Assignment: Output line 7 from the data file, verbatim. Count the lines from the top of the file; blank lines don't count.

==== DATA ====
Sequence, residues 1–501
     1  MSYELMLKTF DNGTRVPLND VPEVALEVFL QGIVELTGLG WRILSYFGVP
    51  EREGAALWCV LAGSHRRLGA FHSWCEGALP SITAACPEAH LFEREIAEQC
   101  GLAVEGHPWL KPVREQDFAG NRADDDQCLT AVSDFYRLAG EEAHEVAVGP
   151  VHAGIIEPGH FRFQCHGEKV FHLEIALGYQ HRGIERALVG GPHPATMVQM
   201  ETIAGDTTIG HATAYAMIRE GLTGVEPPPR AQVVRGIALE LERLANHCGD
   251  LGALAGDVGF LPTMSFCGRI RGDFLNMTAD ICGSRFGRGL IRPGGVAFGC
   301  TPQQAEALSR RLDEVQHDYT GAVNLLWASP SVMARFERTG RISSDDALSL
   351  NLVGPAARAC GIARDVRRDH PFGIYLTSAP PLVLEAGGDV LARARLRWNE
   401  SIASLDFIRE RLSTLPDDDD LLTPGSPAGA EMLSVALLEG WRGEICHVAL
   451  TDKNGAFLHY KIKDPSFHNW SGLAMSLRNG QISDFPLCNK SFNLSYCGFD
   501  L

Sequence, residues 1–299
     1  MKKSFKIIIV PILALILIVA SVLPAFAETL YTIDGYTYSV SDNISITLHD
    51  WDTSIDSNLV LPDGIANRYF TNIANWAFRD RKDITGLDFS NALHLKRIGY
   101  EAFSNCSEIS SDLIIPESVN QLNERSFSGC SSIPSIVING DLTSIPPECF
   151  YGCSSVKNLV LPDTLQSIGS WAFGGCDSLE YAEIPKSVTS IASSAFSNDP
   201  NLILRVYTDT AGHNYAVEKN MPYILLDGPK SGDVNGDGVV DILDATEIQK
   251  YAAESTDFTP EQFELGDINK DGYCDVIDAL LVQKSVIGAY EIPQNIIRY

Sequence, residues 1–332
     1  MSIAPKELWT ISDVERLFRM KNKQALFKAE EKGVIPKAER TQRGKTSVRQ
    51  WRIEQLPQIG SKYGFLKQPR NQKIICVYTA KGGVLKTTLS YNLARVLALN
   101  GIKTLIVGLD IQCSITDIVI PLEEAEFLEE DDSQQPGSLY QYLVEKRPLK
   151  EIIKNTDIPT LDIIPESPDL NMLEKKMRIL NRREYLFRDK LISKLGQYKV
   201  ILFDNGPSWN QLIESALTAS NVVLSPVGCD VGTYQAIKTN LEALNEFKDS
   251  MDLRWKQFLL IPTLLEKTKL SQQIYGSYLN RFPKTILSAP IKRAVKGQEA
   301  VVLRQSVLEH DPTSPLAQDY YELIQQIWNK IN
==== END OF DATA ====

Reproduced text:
   251  LGALAGDVGF LPTMSFCGRI RGDFLNMTAD ICGSRFGRGL IRPGGVAFGC